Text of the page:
"These muthaf*cka's would get in trouble and blame the sh*t on us," says an animated Yukmouth, who's now sitting up at full attention, ready to go off. "Lil Cease burnt his whole hotel room up. They blamed it on the Luniz. N*gga, we wasn't even in that hotel, how did the Luniz do that. That's not our room. Another incident, Naughty By Nature beat some undercover cops ass. Treach beat they ass with that big-ass chain on his neck. And the real police rush our van searching for a big-ass chain and they know we don't do that. The only thing we had did was, our hotel room got raided and they found a gun in Numskull's room, but they let that sh*t slide."

Nevertheless, as one door closed, another one opened. The Luniz said goodbye to the United States and left to tour Europe. It was an eye-opening experience that they'll never forget. "When we got to Germany we knew that we're real f*ckin' celebrity's," reminisces Yuk. "They treated us like we was the f*ckin' Beatles."

But while things we're all good in Europe, back home was another story. Everywhere the two went they were treated like royalty. Being a rap star was beautiful, but they just wished it was paying. "We get back to the States, it's time to get back to business," Yuk assertively states. "We still ain't got no checks. They're saying we gotta re-coup or something. So we start getting loans from the label.

Everytime we call up Eric Brooks and complain about something and ask for some money he'll give it to us, but at the same time he had us thinking C&H was f*ckin' us. But C&H couldn't f*ck us because he ain't have no control over Noo-Trybe Records­they was f*ckin' us. But in the mix of givin' us our little money, they was pittin' us against each other. Eric` would take meetings with us, without Chris. He'd take meetings with Chris, without us. Plus [Eric's] doin' kick-backs on everything from promotions to videos.

For example, we shot a video for $300,000, this video cost $200,000 and they put $100,000 in their pockets. That's what they've been doin' to us the whole f*ckin' time. So [when] we got back from Germany, we set up a publishing deal. When we got that publishing deal, money was straight, but we still ain't seen no money from Virgin. We hit Virgin up and they saying we gotta re-coup. So we start on the next album, Lunatic Muzik. And they start cross-collatoralizing, they said since we started spending money on Lunatic Muzik, we gotta re-coup for this new album that we just started on. They said all money that was coming from the first album, was going to re-coup for the second album and on Lunatic Muzik they spent the most money."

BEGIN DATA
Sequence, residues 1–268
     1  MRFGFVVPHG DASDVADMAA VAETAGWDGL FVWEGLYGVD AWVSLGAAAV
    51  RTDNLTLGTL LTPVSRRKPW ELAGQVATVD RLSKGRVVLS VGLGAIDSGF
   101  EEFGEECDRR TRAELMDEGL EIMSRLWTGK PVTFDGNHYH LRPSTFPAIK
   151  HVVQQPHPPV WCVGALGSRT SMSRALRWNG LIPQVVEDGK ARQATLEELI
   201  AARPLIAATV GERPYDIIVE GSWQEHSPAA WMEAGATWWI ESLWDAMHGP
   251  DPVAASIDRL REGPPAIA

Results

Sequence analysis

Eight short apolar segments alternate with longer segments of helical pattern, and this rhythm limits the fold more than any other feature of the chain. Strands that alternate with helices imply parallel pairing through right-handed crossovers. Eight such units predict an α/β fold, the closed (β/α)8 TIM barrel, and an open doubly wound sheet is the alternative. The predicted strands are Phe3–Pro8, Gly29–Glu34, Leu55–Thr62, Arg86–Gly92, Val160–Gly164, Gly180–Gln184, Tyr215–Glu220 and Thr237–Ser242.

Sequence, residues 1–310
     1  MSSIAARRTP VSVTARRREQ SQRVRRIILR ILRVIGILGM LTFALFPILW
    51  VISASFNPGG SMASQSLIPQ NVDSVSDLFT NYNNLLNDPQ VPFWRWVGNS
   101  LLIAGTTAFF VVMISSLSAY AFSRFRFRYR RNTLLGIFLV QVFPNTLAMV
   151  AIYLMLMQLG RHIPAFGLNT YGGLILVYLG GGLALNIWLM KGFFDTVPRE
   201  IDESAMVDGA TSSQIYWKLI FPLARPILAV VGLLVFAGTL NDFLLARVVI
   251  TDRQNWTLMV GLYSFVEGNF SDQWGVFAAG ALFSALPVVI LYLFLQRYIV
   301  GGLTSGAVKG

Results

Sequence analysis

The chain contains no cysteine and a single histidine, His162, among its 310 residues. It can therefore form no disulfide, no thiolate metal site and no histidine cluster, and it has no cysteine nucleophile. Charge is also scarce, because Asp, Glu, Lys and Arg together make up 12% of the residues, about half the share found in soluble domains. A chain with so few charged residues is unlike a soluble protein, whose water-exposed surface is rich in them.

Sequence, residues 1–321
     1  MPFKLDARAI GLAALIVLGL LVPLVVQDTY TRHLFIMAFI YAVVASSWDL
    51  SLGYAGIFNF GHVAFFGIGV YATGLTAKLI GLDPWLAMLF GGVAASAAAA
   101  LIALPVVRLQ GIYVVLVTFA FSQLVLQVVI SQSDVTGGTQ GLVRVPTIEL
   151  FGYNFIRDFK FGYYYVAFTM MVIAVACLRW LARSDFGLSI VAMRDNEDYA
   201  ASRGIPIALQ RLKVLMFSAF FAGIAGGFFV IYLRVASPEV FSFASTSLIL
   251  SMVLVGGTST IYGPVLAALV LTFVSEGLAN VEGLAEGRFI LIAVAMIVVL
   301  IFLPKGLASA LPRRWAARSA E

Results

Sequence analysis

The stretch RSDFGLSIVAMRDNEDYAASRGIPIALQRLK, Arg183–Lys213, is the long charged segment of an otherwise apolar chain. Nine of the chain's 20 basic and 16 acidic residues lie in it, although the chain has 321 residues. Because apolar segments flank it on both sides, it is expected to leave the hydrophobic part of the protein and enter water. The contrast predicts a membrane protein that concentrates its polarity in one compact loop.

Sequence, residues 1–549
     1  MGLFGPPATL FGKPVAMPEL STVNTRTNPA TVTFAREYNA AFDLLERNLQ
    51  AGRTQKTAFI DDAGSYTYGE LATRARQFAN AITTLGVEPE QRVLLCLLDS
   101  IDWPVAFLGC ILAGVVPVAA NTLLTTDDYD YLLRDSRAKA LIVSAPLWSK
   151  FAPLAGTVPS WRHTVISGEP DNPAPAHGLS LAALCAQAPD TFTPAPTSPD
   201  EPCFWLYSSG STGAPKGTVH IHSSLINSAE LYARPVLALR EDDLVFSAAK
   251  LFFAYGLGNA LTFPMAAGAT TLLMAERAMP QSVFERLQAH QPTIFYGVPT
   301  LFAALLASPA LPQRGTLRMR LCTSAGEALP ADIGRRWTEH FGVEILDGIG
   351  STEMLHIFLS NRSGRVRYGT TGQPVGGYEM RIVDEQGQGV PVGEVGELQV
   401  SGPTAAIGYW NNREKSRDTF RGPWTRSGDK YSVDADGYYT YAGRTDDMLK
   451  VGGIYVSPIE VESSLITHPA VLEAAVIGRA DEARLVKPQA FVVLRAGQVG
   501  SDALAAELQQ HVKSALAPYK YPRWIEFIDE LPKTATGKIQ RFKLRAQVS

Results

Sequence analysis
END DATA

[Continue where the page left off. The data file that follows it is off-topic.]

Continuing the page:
But there was another issue that had to be dealt with when it came time to begin working on Lunatic Muzik, except this time it was internal. After the release of Operation Stackola, Yuk and Num's relationship began to unravel.

"Before the second album, me and Yuk wasn't f*ckin' wit each other Ocuz of stupid little sh*t," admits Numskull. "I was the outside cat. Dru and Chris grew up together, Yuk and Chris grew up together, so I wasn't a n*gga from where they was from. I didn't really kick it wit them n*ggas, I already had children and n*gga's just fell out.

Yuk and Num were able to reconcile their differences enough to come back together to record their sophomore album, Lunatic Muzik, but things had definitely changed between all parties involved.